Stephanie M. Curenton
Senior Research Fellow
Bloustein School of Planning & Public Policy
Stephanie M. Curenton, Ph.D. is a tenured associate professor in the Boston University Wheelock College of Education & Human Development. Her research focuses on positive child growth and development and dismantling health and education inequities for racially marginalized children and families. Stephanie studies the social, cognitive, and language development of children within various ecological contexts, such as parent-child interactions, early childhood education programs, early childhood workforce programs, and related state and federal policies. Her topical areas of expertise are language and literacy development, particularly among African American children and dual language learners, and measurement development. She has created two measures, the Conversation Compass Communication Screener-Revised a measure of children’s classroom conversation skills, and the Assessing Classroom Sociocultural Equity Scale, a measure of classroom quality for racially marginalized students. She has authored numerous empirical manuscripts as well as books and edited volumes targeted toward practitioners or policymakers.
She is a leader in the field of early childhood policy and child development. She has served as past associate editor for the two top journals in early childhood, Early Childhood Research Quarterly and Early Education and Development. She has also been awarded two research policy fellowships, one from the Society for Research on Child Development (SRCD)/American Association for the Advancement of Science (AAAS) where she worked in Office of Child Care and the other from National Child Development Institute (NBCDI). She has served on education non-profit boards for National Association for the Education of Young Children (NAEYC) and local Head Start programs.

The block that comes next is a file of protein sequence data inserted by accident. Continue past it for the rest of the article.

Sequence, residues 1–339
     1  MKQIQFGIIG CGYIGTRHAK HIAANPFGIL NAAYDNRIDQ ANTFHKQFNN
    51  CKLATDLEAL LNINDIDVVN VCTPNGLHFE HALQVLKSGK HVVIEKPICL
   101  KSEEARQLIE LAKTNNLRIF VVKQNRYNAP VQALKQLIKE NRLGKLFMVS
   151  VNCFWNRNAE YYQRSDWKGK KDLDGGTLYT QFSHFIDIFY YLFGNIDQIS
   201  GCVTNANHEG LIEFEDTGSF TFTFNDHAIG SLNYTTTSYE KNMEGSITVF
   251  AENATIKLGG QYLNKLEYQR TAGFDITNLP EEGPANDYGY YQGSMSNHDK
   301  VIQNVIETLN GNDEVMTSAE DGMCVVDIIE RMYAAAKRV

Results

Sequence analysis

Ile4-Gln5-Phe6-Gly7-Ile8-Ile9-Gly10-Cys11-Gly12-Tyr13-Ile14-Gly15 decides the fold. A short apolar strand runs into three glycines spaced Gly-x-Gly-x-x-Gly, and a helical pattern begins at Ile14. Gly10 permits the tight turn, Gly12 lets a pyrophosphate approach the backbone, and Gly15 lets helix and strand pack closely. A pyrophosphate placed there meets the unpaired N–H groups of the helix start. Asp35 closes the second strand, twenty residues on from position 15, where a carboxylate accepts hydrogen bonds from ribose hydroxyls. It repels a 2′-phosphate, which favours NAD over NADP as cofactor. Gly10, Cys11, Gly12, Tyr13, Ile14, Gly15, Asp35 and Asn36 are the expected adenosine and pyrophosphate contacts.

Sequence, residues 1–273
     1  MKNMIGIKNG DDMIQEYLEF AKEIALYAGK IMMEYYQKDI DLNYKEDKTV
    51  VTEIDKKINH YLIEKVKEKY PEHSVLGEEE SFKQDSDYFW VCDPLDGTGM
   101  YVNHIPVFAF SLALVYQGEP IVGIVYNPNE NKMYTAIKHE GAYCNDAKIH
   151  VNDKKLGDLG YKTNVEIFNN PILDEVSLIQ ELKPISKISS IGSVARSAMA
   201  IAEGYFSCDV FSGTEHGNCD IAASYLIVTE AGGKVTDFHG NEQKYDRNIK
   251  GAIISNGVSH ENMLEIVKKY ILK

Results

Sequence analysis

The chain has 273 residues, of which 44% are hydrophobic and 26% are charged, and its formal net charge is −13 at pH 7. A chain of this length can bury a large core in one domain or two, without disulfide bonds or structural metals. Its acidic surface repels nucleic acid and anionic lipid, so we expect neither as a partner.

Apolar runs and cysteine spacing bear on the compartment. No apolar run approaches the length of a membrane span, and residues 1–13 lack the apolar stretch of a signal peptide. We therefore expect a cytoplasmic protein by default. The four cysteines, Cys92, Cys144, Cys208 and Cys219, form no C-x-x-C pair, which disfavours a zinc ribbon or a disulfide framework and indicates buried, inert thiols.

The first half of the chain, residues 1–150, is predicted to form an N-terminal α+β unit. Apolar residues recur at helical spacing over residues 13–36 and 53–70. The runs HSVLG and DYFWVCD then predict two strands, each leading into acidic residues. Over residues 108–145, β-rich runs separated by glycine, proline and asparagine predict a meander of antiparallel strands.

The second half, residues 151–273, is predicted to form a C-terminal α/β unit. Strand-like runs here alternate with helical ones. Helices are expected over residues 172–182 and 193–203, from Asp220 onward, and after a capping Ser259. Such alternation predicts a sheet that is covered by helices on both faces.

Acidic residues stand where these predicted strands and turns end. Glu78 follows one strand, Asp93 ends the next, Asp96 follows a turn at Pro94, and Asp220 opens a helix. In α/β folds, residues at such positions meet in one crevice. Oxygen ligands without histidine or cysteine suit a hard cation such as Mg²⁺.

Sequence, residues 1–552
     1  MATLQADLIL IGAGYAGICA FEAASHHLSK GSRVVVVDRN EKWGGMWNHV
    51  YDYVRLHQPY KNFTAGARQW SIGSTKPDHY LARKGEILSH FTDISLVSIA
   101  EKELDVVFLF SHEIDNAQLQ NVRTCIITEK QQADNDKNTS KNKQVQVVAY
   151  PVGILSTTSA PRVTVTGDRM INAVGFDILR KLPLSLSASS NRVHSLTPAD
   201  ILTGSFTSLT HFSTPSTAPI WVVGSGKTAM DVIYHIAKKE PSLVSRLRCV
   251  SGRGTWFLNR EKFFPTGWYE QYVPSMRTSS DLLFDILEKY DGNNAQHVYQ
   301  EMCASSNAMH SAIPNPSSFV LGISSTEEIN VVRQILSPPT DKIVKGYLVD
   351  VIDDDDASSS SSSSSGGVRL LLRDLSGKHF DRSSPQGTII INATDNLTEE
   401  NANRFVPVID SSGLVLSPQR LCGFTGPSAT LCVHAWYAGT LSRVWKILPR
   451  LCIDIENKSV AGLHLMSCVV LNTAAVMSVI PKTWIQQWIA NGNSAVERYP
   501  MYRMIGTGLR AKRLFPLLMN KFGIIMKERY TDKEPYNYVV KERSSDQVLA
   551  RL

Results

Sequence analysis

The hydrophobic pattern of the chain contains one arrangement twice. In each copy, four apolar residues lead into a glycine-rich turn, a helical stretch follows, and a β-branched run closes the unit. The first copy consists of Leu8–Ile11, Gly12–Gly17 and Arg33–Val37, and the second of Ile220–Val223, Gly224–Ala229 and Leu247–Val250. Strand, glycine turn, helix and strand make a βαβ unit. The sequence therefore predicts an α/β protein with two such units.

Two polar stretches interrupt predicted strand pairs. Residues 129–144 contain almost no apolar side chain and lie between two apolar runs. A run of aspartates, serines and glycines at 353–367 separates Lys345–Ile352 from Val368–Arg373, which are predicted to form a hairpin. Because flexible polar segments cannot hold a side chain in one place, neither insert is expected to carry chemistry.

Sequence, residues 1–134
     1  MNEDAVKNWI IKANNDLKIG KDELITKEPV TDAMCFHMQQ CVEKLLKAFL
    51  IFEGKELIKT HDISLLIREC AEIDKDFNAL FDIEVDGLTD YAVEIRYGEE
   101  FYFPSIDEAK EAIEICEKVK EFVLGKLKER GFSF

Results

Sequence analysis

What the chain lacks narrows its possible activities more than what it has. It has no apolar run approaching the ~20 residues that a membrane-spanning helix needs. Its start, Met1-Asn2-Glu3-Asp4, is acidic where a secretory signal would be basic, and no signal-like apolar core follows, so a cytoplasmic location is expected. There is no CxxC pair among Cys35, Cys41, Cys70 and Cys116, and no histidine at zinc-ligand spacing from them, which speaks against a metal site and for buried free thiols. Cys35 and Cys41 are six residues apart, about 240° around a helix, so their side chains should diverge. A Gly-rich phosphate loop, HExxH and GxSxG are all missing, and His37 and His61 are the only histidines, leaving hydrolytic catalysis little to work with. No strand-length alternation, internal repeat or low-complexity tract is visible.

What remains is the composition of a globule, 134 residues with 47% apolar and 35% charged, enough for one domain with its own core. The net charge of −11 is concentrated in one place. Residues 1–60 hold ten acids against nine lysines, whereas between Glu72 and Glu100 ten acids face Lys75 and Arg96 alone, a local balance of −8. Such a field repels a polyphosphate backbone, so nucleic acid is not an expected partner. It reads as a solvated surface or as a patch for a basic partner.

Her research has been funded by the U.S. Department of Health and Human Services in the Office of Program Research and Evaluation (OPRE), the National Academy of Science Ford Predoctoral Fellowship, American Education Research Association (AERA), Foundation for Child Development, the W.K. Kellogg Foundation, and Robert Wood Johnson Foundation. She earned her Ph.D. in Developmental and Community Psychology from the University of Virginia.
In her free time, Stephanie enjoys yoga, reading, spending time with her family, and playing with her new dog.